From ‘Fire and Fury’ to Political Firestorm

From ‘Fire and Fury’ to Political Firestorm


Wolff turns to the same device, only from the voice of the opposing camp, in recounting Trump’s fateful decision to fire the F.B.I. director James Comey. “It was Jared, in the version told by those outside the Jarvanka circle, that pushed for action,” he writes. (“Jarvanka” is Wolff’s shorthand, borrowed from Bannon, for Jared and Ivanka.) Wolff’s caution may be explained in his acknowledgments, where he gives a glowing tribute to his trusted libel lawyer. It is that sort of book.

Wolff is unsparing in his portrayal of Trump as an aberrant chief executive, not only detached from governance but barely literate. He summons withering on-the-record assessments from ostensible allies of a seemingly infantile president. “If they tell him the whales need to be saved, he’s basically for it,” says Katie Walsh, a former White House deputy chief of staff, recalling how easily the Kushners could sway Trump. Yet much of Wolff’s sourcing is opaque. “I’ve made stuff up forever, and they always print it,” Trump boasts about his long-running media con. But Wolff, with seemingly unintended irony, does not make clear where he harvested such an explosive line.

Wolff is also slippery about whether he was present for some of the conversations he relays or is merely offering a version of events from those who were. He opens the book, for example, with an engrossing dinner conversation that included Bannon and Roger Ailes, the former Fox News president, shortly before the inauguration, offering sentence after sentence of verbatim quotations. Wolff writes that the dinner was held “in a Greenwich Village townhouse,” but leaves out that it was his home and he was the evening’s host.

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Wolff is a media writer by trade and, like his protagonist, he repeatedly scorns the mainline press for what he suggests is its liberal bias. He singles out this paper for treating the Trump presidency as anomalous. Yet putting aside the irony that his own depiction sketches out a shockingly aberrant White House, Wolff shows that his media-bashing is not on the level when he switches from the Ailes hymnal to a more conventional liberal perspective. In a jab at the media, he calls Richard Spencer, the racist alt-right activist, “catnip for the liberal press,” but then effectively makes the liberals’ case by giving Spencer an open mic to proclaim “we are the Trump vanguard.” And Wolff casually refers to a “virulent, if not anti-Semitic (at least toward liberal Jews), right-wing West Wing.”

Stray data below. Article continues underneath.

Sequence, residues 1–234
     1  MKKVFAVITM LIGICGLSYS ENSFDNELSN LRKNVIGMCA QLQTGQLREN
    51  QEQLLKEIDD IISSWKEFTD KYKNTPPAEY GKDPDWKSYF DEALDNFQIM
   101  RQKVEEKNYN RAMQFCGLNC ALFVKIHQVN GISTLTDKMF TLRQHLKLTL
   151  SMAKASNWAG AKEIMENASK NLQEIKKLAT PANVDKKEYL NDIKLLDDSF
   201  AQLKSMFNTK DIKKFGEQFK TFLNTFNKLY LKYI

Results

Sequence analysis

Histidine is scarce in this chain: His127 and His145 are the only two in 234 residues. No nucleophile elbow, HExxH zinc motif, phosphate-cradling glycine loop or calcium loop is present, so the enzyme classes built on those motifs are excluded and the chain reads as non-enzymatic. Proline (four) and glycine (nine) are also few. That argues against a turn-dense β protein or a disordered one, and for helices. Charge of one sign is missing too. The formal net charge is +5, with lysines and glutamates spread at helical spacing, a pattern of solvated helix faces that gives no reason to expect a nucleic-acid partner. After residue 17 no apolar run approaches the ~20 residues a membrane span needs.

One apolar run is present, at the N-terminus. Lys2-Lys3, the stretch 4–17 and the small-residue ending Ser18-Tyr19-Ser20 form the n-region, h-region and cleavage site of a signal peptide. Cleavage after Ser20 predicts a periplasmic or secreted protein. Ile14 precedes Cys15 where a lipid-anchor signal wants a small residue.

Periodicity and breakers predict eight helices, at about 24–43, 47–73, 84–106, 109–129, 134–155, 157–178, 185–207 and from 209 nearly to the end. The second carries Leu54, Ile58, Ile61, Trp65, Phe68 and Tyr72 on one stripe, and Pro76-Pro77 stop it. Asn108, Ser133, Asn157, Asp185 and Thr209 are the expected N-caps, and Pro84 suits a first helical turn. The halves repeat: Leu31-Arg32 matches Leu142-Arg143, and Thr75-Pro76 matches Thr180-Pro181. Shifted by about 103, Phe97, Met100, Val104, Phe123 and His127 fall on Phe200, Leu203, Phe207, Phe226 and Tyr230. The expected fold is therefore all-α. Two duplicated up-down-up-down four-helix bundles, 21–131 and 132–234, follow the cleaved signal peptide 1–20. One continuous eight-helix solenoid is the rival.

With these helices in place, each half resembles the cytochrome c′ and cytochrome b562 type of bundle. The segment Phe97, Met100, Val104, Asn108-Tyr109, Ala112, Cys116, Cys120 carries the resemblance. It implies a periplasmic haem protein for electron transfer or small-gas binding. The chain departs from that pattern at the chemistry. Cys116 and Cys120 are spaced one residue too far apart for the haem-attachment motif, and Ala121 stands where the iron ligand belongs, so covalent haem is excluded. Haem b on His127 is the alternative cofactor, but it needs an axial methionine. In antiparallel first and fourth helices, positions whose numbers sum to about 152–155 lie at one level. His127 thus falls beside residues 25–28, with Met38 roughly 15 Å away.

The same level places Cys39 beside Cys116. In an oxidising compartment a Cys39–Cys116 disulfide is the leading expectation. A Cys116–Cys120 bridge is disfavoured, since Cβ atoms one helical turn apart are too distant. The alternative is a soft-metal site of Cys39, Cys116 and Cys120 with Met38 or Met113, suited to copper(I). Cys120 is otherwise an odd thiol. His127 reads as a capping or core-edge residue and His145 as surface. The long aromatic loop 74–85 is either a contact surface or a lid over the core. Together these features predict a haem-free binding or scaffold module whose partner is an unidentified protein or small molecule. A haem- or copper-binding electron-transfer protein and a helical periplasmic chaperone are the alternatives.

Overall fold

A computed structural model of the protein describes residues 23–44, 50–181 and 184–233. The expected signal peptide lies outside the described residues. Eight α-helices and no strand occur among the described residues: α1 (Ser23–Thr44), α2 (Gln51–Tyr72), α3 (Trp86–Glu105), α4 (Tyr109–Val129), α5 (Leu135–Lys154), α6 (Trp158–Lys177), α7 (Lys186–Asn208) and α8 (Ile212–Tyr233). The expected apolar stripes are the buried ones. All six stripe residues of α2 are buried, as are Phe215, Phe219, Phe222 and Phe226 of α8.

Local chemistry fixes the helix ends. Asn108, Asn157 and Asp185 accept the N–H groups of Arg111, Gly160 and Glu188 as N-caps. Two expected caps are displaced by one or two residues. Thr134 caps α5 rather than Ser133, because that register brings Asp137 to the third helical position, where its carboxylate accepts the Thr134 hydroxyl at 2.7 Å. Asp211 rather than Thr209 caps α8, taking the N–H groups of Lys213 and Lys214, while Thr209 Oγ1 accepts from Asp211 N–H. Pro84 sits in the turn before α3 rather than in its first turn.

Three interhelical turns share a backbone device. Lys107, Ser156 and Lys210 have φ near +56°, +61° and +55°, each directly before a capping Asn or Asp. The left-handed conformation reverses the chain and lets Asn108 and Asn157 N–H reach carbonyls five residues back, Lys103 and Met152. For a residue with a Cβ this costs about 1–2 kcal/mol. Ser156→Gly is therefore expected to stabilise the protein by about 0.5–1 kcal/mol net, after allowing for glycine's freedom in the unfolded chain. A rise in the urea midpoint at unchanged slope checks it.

Wolff is strongest when he’s writing on what he knows best: the insecurities and ambitions of Trump and other media fixtures. Yet while much of this presidency does revolve around news coverage, it is still a presidency. And Wolff is far weaker when it comes to politics.

The collapse of the Affordable Care Act repeal in the Senate is dealt with in less than a single sentence, with no mention of Senator John McCain’s opposition or Trump’s 11th-hour telephone call to him that preceded it. Vice President Mike Pence is largely airbrushed out of the book, which is puzzling given how influential he was in tapping cabinet officials and staff. Similarly, few would see Andrew Card or Erskine Bowles as “larger-than-life” presidential chiefs of staff; the conservative United Nations ambassador Nikki R. Haley is hardly a “Jarvanka Republican”; and at a September campaign rally in Alabama for Senator Luther Strange, Trump did not abandon Strange “for the rest of the speech” after criticizing N.F.L. players for kneeling at the national anthem.

Then there is the sloppiness: The former representative Dick Armey was never House speaker, the Washington lobbyist Hilary Rosen spells her first name with only one “l” and it is Mike Berman, Walter F. Mondale’s former counsel, who breakfasts at the Four Seasons, not the Washington Post reporter Mark Berman.

The writing is often vivid but Wolff, who tries to hold to a chronological narrative, can be as repetitive as Trump, returning again and again to preferred words or phrases (joie de guerre is a favorite). What ultimately salvages the book are those moments when he all but makes Bannon his co-author, letting Bannon describe West Wing showdowns with his moderate nemesis, Jarvanka, in ways that render this the de facto first insider account of the Trump White House. Of course, the recollections are just those of a single aide, and may include what Trump himself once called examples of “truthful hyperbole.”

In the newspaper business, such stories would be deemed “too good to check.” But given the popularity of “Fire and Fury,” Wolff might call them something else: liberal catnip.



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